“Because of COVID-19, only my youngest is able to attend at this time but we are grateful for that,” she said. “With elementary school releasing earlier than the high school, she doesn’t have to return regularly to an empty house and the cost is more budget friendly than other after school programs and much more flexible.”

Trevor is working at the club, answering phones along with other duties.

“Our favorite program with the club is the election and the follow up job shadow,” Greenlee said. “Every year, members get to run for local office and the whole club gets to practice using the rights to vote to elect each person to fill the job shadow. Trevor was elected to job shadow the Hamilton County prosecutor where he spent the day in his office and in court. He learned so much and loved every minute Braden is hoping they can still do this program, despite COVID-19, this spring.”

From left, Teen Director Justin Cowan, Unit Director Abigail Stutesman, Corbin King, Shiloe Beasley, Program Director Scott Satterthwaite and Academic Success Director Wendy Casteel. (Submitted photos)

Funds needed due to revenue loss

Development Director Nathan Helm said the pandemic has created an opportunity for the club to receive more funding.

“The four main ones we received some additional grant funding from are the Hamilton County Community Foundation, United Way of Central Indiana, Crosser Family Foundation and the City of Noblesville,” he said. “It’s kind of an emergency-response funding to that virtual experience ranging all the way up to our fixed every day expenses. Those groups have been major assets to us as well as we have a lot of individual donors that have stepped up their own support.”

Helm said some fundraisers were delayed or canceled. The annual golf outing, originally scheduled for June, was held Aug. 25 at Harbour Trees Golf Club.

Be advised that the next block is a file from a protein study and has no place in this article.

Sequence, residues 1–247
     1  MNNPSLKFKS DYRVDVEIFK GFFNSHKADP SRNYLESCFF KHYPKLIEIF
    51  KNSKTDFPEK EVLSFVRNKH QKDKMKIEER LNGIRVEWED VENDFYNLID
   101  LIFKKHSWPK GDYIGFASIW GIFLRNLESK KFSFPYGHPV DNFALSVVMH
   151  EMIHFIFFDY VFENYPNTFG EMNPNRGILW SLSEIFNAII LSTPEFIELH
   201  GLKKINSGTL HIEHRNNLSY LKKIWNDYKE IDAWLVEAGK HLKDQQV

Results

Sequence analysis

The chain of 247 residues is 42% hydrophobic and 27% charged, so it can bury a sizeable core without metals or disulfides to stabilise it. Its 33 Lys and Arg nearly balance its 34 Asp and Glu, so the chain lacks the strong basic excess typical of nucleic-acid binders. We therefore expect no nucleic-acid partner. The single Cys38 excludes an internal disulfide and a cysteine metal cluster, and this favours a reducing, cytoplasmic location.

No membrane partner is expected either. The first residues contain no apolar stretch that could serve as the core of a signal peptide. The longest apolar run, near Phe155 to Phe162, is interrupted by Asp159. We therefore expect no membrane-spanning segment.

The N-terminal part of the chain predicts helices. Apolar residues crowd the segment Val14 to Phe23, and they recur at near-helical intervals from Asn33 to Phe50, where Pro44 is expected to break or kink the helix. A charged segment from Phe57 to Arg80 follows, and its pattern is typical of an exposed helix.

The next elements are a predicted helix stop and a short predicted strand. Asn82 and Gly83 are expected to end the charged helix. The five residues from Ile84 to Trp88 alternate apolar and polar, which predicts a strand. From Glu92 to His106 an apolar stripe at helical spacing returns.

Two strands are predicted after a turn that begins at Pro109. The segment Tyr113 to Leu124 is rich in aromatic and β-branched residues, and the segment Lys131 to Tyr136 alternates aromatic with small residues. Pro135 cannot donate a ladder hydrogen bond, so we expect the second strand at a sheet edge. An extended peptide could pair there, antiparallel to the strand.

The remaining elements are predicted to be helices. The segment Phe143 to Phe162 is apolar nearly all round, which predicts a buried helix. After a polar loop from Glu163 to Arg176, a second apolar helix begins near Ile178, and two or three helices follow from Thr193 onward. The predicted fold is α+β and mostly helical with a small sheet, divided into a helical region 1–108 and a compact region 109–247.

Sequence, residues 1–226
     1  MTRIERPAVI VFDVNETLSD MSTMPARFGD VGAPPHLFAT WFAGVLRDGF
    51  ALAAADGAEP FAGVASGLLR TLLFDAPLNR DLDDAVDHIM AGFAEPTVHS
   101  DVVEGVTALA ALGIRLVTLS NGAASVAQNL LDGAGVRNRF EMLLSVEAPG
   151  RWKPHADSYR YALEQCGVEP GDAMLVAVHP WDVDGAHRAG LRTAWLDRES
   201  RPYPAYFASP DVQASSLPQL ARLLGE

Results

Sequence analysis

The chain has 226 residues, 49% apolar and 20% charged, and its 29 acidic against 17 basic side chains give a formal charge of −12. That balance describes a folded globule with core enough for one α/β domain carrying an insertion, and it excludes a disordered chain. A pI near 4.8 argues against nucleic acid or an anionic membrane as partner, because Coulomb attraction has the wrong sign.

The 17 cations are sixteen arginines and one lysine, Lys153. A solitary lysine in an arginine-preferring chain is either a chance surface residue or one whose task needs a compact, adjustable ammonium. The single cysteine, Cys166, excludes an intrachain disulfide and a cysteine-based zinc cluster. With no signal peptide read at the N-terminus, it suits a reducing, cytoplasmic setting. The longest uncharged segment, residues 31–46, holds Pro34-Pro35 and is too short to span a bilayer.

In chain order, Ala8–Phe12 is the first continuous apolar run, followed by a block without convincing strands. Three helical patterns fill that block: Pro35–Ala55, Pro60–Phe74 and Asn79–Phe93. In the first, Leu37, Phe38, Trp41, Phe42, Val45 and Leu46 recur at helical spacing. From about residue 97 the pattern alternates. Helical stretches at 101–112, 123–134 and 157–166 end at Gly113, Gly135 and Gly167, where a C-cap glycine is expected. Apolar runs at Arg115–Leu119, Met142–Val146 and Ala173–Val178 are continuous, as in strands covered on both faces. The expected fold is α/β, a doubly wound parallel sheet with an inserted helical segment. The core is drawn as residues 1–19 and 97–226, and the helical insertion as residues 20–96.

The Ladies Auxiliary Auction, which was scheduled in March, was held outdoors July 24 at the Harbour Trees Beach Club. It raised an event-record $155,000, Helm said.

Terry said a 5K race this month was canceled because the other events – the golf outing and auction — were postponed and put too many events too close together.

The Darlington Bed Race, scheduled for June and then moved to Sept. 18, was canceled because Helm said the race draws a large crowd and it would have been impossible to socially distance.

“A lot of donors have been very generous to us throughout this process as we’ve incurred more expenses than normal, also without receiving as much income through our programs and rentals,” Helm said.

That has helped bridge the gap because BGCN Executive Director Becky Terry said there was a $215,000 loss of revenue because the club was closed for 12 weeks, followed by a drop in numbers because of restrictions. There is a scholarship program for families in need.

“We never turn a child away,” Terry said. “We’ll always work with a family to find that middle ground and make sure we can bring that kiddo into the program.”

For more, visit bgcni.org.